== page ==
Phoenix Rising tells QMUL: release the PACE trial data
Mark Berry, Acting CEO of Phoenix Rising, presents the Board of Directors’ open letter to Queen Mary University of London (QMUL) urging them to release the PACE trial data, and hopes that other non-UK organisations will join British charities in the same request...
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I was just approved for Rituximab!!!

Discussion in 'Rituximab: News and Research' started by Gingergrrl, Jun 9, 2017.

  1. ukxmrv

    ukxmrv Senior Member

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    So far we have Rituximab and now Cyclophosphamide. We don't know how many other chemo drugs could possibly have a good effect for ME. Cyclo has been used for decades and is considered a conventional chemo drug here in the UK.
     
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  2. Jesse2233

    Jesse2233 Senior Member

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    @Learner1 that Emerging Role of Autoimmunity paper by Maes is fascinating
     
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  3. Jesse2233

    Jesse2233 Senior Member

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    I think we should look at drugs used in other autoimmune conditions and organ transplant as well
    • Cytokine inhibitors (Enbrel, Consentyx, Actemra)
    • Proteasome inhibitors (Velcade)
    • JAK inhibitors (Xeljanz)
    • Other immunosuppressants (Rapamune, CellCept, Imuran, Plaquenil)
     
  4. Gingergrrl

    Gingergrrl Senior Member

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    Wow, am thrilled with all the discussion in this thread! I won't be able to reply in detail for several hours but definitely will later! I get my IVIG & Ritux at an infusion center that is a cancer center but they do other IV therapies like IVIG, blood transfusions, IV hydration/saline, autoimmune/biologics (like for RA), and they get my MCAS docs patients who are getting various IV treatments (and many travel hours to come to this center since the nurses all know about treating MCAS patients). But their main treatment is chemo/cancer patients. I spent close to a year talking to the nurses about Ritux (during all my IVIG infusions) which helped me w/my decision making process.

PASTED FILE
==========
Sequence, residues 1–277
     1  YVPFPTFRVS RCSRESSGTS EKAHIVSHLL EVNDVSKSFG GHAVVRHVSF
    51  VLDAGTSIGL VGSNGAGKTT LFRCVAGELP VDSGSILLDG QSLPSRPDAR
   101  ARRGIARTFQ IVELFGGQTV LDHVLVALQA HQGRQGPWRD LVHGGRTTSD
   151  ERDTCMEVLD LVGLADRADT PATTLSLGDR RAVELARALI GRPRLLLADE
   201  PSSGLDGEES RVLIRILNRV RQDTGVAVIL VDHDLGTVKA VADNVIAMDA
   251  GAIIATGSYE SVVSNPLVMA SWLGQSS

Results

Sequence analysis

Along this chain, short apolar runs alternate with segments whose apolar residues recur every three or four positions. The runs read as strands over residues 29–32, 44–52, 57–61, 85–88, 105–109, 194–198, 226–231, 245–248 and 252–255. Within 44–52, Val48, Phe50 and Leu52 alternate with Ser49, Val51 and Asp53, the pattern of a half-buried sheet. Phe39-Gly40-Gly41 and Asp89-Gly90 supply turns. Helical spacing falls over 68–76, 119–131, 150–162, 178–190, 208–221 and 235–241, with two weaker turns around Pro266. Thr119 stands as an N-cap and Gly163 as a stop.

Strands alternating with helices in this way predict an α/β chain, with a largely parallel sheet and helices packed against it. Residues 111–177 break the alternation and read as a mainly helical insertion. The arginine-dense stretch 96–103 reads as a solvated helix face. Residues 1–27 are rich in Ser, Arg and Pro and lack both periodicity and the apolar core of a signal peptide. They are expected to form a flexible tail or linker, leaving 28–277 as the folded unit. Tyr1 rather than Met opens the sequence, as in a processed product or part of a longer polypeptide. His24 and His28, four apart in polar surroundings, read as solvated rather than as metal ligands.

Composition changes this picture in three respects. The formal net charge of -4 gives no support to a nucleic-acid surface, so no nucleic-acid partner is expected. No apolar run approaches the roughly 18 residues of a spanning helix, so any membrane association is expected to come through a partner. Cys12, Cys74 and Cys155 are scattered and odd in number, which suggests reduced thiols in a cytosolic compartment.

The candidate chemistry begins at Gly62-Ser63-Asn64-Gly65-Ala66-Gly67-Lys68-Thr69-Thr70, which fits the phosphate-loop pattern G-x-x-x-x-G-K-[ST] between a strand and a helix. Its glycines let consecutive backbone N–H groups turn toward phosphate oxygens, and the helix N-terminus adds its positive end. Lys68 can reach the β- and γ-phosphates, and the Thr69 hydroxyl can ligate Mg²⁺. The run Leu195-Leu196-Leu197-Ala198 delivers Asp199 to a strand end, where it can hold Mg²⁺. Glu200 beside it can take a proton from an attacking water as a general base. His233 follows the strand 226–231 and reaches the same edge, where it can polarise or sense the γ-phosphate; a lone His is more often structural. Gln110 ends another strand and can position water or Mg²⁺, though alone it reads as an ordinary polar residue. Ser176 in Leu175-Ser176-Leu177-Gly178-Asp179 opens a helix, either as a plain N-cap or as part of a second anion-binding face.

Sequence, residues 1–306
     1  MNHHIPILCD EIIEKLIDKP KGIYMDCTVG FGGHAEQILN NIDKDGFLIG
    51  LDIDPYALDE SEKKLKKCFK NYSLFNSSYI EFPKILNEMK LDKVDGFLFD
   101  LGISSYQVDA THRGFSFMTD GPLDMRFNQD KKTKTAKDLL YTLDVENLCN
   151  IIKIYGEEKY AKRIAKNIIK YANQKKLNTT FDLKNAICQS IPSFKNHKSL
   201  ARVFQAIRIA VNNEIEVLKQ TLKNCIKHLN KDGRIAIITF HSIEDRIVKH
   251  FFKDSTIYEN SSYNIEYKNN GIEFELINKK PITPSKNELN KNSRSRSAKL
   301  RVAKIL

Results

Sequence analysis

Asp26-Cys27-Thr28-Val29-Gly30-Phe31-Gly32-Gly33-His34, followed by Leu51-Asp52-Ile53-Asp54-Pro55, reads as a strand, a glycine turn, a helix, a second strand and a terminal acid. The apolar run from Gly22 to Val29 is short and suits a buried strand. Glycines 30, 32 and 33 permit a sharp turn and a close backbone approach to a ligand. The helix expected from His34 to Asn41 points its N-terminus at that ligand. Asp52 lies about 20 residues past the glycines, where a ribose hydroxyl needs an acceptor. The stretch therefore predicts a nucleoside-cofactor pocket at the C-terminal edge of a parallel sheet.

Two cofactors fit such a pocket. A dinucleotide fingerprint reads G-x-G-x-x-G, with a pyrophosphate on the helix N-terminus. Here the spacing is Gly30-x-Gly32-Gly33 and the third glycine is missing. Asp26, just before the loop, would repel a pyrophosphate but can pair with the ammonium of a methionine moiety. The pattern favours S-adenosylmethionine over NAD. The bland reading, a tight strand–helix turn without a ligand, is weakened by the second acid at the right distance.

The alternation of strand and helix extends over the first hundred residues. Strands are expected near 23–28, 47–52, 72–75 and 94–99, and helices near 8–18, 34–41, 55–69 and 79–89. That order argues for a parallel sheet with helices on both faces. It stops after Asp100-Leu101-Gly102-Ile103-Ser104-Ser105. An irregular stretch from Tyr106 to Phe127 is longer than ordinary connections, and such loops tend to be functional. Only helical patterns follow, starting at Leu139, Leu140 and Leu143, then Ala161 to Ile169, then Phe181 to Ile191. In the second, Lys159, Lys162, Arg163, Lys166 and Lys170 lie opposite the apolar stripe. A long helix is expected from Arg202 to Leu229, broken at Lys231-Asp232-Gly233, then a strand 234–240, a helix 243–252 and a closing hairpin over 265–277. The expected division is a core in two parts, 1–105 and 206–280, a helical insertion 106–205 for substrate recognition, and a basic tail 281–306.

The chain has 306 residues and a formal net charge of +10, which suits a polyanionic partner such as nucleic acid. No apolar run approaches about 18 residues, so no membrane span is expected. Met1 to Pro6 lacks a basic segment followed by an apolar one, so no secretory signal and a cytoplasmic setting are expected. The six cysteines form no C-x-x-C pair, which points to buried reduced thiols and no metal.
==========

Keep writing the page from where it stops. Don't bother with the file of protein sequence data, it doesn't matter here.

And briefly to @Wonkmonk, outside of post IVIG reactions, I have not had a cold, flu, fever, sore throat, or traditional illness of any kind since Jan 2013. I do not have swollen lymph nodes or flu like symptoms whatsoever.

    Edit: And I have been exposed repeatedly when close family members and friends were sick (including sharing food with them) but never once caught anything even when my step daughter or niece had strep throat!
     
  5. LivingwithFibro

    LivingwithFibro Senior Member

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    I've finally had the energy to send you a PM regarding your specialists and the antibodies tests :) please reply when convenient.
     
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  6. Gingergrrl

    Gingergrrl Senior Member

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    I just got to read through all of the new posts in my Ritux thread and combined all my replies below... warning: it is a little long!

    @Wonkmonk I am truly happy to do it and if this thread helps someone else down the line, I cannot tell you what it would mean to me. Someone shared with me today (not on PR) that she got significant benefits from high dose IVIG based on what I shared and I was so happy to hear that.

    I think IVIG and several other treatments have helped people as well? (But I am not sure about the confirmed scientific studies part)?

    When did you first get sick? I got sick in stages with the first hit to my immune system in 2010 (a neurotoxic reaction to Levaquin that resulted in FTS or Fluoroquinolone Toxicity Syndrome) but I was able to recover. The second hit to my immune system was severe Mono from EBV in 2012 but again I was able to recover. The third and final hit to my immune system was an unknown virus in Jan 2013, which I got shortly moving into prior rental which had toxic mold. Two weeks later, I developed POTS and never recovered. I required wheelchair in Oct 2014, and then got MCAS in March 2015, and learned I had all of these auto-antibodies in March 2016. So I put the beginning of this illness at Jan 2013 but the triggers go back several years prior.